If the fruit has not degreened naturally, these spots will remain
green and thus reduce the grade. This can be a very severe
problem on early varieties and is particularly serious when fruit
has to be degreened in the coloring room.
Fig. 3.-Citrus twig and leaves heavily infested with purple scale.
FLORIDA RED SCALE
Florida red scale, Chrysomphalus aonidum (L.), is found on
a multitude of different host plants as well as on citrus. It is
Insects and Mites Found on Florida Citrus 9
------ | mm.
Fig. 4.-Stages in the life cycle of purple scale. A, Early first stage;
B, molting upon completion of first stage; C, early second stage; D, molt-
ing upon completion of second stage; E, early third-stage female; F, im-
mature third-stage female; G, mature third-stage female; H, full-grown
armor of male. a, Area occupied by first-stage armor; b, area occupied
by armor grown during second stage; c, area occupied by armor grown
during third stage. 1, Boundary of first-stage armor; 2, boundary of
10 Florida Agricultural Experiment Stations
a tropical and sub-tropical species that occurs throughout the
Florida citrus area. Infestations of this insect have become
more prevalent in many groves in the Ridge Section of central
Florida, where previously it had been considered to be of little
importance. It is a regular problem in many groves in the
Florida red scale has a round armor. This armor has a
ringed color effect with brown or purple alternating with an
almost reddish color. The armor of the mature female is very
dark purple with a nipple-like center which may be brown.
The male scale produces an apron on one side of its armor. The
central, round portion is dark purple while the apron is more
or less colorless. The actual scale under the armor is lemon-
yellow. The crawlers are the same color and ovoid in shape.
When they first settle and begin to cover themselves with an
armor, the wax is white. This stage is referred to as the "white
Fig. 5.-This severe Florida red scale infestation shows both male and
female armors. The large individuals are the armors of mature females.
The many smaller armors are either second stage females or fully formed
armors of males. Close scrutiny will show the translucent apron on the
side of the armor of some males. (Enlarged.)
Insects and Mites Found on Florida Citrus 11
A B C D E
a 2 2
b3 b-L 3
d d d
S= Imm. I
Fig. 6.-Stages in the life cycle of Florida red scale. A, White-cap
stage; B, early first stage; C, molting upon completion of first stage;
D, early second stage; E, late second stage (this is more typical of male
scale. The armor of the female at this stage is getting lighter colored and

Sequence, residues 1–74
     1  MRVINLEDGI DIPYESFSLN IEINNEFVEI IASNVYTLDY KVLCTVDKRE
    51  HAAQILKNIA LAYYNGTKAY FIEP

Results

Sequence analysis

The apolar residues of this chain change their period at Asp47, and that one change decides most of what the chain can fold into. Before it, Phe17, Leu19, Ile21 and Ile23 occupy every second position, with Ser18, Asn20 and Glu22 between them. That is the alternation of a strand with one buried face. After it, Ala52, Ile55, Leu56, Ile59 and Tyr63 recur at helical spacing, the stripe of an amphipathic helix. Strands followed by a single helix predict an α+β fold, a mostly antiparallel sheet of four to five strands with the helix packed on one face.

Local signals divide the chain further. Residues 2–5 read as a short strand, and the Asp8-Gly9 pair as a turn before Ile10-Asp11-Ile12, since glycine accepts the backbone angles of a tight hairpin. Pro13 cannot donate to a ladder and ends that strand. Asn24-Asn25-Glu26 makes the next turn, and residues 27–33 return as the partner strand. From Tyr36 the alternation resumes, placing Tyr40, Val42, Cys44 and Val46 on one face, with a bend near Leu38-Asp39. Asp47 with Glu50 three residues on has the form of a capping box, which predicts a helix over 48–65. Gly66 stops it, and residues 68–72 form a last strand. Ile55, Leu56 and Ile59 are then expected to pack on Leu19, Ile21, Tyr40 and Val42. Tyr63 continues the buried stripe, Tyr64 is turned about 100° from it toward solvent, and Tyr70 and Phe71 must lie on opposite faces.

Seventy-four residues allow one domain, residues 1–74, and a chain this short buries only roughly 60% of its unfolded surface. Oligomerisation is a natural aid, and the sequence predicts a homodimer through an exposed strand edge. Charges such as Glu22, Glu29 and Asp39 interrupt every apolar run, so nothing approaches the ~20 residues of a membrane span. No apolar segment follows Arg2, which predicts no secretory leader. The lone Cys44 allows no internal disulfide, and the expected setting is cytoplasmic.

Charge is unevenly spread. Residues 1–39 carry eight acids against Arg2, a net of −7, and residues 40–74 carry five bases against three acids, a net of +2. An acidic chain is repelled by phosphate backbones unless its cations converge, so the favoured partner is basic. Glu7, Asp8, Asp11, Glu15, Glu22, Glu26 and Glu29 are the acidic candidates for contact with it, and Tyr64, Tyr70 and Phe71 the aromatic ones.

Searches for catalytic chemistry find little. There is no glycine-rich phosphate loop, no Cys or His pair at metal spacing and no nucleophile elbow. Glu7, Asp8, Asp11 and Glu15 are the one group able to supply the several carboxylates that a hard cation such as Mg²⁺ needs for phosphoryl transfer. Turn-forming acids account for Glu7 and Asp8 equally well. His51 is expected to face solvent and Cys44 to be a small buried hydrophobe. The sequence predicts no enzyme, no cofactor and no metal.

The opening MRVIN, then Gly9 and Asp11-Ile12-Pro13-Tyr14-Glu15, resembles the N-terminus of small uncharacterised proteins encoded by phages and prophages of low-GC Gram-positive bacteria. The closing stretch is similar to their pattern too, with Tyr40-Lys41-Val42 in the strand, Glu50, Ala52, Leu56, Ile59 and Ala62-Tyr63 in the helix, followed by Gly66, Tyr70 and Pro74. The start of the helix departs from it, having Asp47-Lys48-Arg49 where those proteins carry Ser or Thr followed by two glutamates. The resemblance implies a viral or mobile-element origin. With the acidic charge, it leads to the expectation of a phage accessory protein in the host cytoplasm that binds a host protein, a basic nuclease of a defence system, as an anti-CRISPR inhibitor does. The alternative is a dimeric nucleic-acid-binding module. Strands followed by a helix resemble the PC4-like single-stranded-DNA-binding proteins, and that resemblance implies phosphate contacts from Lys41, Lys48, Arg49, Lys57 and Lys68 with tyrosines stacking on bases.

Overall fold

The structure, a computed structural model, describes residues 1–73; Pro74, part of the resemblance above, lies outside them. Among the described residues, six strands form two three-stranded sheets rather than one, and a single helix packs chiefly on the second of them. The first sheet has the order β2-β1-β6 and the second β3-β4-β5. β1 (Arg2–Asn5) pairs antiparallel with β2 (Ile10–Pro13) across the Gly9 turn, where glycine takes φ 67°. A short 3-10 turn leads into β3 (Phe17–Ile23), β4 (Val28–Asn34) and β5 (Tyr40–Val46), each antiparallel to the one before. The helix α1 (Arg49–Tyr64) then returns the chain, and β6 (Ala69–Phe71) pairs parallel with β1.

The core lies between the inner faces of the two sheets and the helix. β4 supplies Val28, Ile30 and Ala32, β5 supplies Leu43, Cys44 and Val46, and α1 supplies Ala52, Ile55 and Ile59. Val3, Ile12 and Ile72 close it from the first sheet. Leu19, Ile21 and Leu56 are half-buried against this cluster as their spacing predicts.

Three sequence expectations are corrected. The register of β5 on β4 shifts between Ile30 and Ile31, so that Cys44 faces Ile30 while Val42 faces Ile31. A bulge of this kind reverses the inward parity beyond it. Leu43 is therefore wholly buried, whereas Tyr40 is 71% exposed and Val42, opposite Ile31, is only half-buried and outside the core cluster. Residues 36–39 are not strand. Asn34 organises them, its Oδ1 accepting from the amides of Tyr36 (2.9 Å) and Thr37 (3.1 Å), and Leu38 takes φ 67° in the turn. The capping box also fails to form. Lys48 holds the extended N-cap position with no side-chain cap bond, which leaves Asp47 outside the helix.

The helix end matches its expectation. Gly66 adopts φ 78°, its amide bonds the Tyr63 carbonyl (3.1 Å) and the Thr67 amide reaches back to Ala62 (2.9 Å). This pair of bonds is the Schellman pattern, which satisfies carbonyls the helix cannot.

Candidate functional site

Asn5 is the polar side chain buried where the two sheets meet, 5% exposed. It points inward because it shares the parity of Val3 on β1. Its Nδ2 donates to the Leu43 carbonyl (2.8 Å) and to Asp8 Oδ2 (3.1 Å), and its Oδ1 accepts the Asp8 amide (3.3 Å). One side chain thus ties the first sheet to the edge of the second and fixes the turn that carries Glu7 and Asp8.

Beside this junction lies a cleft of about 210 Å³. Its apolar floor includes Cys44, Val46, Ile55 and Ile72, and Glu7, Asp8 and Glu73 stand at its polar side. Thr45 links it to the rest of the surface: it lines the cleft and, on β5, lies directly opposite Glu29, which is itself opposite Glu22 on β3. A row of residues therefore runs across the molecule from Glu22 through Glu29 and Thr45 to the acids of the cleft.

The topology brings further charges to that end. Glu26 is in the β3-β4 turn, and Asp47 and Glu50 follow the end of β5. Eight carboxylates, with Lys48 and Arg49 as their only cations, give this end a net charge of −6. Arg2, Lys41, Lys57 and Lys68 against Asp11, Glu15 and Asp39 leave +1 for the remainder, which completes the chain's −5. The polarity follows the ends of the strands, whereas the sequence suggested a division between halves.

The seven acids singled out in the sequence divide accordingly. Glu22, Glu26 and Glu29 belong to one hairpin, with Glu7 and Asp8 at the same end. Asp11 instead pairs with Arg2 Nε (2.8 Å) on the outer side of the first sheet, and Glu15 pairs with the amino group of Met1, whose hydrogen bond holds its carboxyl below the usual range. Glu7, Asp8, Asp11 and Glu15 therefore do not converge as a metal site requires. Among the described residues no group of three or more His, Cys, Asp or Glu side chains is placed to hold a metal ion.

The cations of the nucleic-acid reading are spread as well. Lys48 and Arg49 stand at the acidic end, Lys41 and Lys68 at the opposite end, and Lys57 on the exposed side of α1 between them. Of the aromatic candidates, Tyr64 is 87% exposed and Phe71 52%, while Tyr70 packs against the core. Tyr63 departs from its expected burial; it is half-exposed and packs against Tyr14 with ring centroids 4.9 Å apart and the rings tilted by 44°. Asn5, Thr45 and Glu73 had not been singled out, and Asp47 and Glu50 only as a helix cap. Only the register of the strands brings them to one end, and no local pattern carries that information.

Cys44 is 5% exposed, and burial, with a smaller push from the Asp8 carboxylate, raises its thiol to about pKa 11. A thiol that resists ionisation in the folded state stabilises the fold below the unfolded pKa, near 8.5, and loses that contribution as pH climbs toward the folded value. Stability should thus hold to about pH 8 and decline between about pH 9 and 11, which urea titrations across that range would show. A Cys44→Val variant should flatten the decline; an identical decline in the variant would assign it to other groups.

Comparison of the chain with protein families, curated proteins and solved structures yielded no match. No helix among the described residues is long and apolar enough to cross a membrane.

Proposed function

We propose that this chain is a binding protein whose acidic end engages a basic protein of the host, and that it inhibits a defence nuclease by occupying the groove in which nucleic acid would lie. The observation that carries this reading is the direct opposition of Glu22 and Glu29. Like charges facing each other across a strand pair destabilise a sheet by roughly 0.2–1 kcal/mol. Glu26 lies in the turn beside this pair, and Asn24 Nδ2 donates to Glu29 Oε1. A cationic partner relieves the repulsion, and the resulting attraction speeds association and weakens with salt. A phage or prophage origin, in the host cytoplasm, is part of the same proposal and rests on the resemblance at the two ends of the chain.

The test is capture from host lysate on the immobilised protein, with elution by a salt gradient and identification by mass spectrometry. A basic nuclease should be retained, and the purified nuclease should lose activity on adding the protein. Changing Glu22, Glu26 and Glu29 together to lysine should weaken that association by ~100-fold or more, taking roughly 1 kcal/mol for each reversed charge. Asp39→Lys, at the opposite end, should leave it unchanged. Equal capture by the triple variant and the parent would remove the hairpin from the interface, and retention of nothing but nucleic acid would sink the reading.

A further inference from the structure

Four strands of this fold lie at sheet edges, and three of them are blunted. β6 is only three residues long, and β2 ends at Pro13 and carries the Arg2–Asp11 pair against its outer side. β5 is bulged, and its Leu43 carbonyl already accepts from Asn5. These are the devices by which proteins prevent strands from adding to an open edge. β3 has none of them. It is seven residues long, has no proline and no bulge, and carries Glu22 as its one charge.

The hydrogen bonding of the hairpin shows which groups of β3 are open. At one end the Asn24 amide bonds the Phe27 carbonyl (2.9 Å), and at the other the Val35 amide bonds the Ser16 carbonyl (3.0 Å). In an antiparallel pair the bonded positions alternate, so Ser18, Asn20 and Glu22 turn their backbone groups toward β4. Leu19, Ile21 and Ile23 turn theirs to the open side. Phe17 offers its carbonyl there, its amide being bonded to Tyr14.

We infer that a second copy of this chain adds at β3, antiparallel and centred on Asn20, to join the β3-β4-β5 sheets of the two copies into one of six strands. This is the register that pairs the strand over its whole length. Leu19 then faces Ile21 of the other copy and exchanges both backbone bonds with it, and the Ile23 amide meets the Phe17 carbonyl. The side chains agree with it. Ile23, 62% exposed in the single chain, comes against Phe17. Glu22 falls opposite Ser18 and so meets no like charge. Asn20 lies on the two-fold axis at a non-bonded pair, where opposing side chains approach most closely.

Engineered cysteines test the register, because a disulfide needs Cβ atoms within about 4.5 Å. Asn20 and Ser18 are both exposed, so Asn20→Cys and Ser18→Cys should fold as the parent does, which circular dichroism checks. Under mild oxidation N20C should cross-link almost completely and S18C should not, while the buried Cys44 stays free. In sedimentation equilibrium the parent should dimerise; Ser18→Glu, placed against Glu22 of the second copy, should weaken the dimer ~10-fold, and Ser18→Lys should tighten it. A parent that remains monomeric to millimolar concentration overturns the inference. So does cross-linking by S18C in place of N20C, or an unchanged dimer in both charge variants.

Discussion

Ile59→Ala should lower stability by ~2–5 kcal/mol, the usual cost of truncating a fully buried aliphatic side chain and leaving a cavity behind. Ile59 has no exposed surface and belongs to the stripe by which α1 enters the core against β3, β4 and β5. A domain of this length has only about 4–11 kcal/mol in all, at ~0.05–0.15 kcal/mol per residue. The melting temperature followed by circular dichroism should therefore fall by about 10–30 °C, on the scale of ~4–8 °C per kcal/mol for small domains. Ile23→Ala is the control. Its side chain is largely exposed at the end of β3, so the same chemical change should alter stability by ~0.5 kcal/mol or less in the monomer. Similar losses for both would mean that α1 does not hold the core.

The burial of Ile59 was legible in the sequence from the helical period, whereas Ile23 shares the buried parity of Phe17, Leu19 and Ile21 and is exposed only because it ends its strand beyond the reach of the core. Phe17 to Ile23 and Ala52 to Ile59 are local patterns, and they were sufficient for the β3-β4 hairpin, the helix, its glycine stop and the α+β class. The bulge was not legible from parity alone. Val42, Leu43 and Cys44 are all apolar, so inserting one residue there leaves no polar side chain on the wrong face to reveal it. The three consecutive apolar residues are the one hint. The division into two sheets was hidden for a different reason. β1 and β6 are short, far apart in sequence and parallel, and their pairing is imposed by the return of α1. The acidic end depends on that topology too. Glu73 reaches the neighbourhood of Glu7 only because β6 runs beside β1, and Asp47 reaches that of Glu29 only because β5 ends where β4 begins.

shortly shows a ringed effect) ; F, full-grown armor of male; G, early third
stage with ringed effect which appears during molting process; H, im-
mature third-stage female; I, mature third-stage female, a, Area occupied
by first-stage armor; b, inner portion of second-stage armor which retains
dark color; c, outer portion of second stage armor which becomes reddish
brown during molt; d, area occupied by armor grown during third stage.
1, Boundary of white cap area; 2, boundary of first-stage armor; 3,
boundary of second-stage armor.
12 Florida Agricultural Experiment Stations
During the summer
the life cycle for Florida
red scale can be com-
pleted in less than six
weeks. The development
is typical of that of other
armored scales and ap-
parently four or more
generations occur each
S year. There is a marked
tendency for the females
to feed on the under sides
of the leaves and the males
on the upper surfaces.
Also, the scales appear to
prefer fruit to foliage in
the late summer and fall,
and clusters of fruit may
be heavily infested while
adjacent leaves sho w
only a few scales.
Florida red scale in-
fests only the leaves and
fruit. In spite of this,
it may cause a very
Fig. 7.-Young grapefruit leaf distorted heavy leaf drop. The
by red scale attack shortly after it had
unfolded. The earlier the attack, the worse defoliated branches then
the distortion will be. The black specks on die. When infestations
the foliage are mostly early second stage
scale. (Slightly enlarged.) are severe, the damage
may be worse than with
purple scale. In numerous instances the authors have observed
almost complete defoliation from red scale, accompanied by ex-
treme loss of bearing wood. Florida red scale is often slow to
develop in the spring, but it may become very severe by August.
Maximum damage usually occurs in late summer and fall.
Florida red scales cause yellow spots on the fruit, just the
reverse of purple scale injury. Thus, a green fruit will be
speckled with yellow spots where live red scales are present.
When red scales attack young fruit they cause pitting, which
may be so severe that the fruit never is able to recover. Such
coarse-peeled fruit will be thrown out of grade. Similarly, young
foliage may be distorted when attacked by young scales (see
Insects and Mites Found on Florida Citrus 13
Fig. 7). This condition is readily confused with the fungus
disease, melanose, which occurs on leaf growth of the same age.